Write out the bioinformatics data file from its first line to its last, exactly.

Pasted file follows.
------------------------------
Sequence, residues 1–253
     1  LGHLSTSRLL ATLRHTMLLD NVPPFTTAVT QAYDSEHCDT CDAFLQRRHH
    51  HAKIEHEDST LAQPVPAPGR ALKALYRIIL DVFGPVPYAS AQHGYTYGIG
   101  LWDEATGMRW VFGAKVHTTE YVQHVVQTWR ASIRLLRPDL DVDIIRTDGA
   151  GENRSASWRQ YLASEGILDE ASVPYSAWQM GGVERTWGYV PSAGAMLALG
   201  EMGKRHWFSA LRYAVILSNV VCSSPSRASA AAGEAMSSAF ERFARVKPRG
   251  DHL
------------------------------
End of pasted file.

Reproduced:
Sequence, residues 1–253
     1  LGHLSTSRLL ATLRHTMLLD NVPPFTTAVT QAYDSEHCDT CDAFLQRRHH
    51  HAKIEHEDST LAQPVPAPGR ALKALYRIIL DVFGPVPYAS AQHGYTYGIG
   101  LWDEATGMRW VFGAKVHTTE YVQHVVQTWR ASIRLLRPDL DVDIIRTDGA
   151  GENRSASWRQ YLASEGILDE ASVPYSAWQM GGVERTWGYV PSAGAMLALG
   201  EMGKRHWFSA LRYAVILSNV VCSSPSRASA AAGEAMSSAF ERFARVKPRG
   251  DHL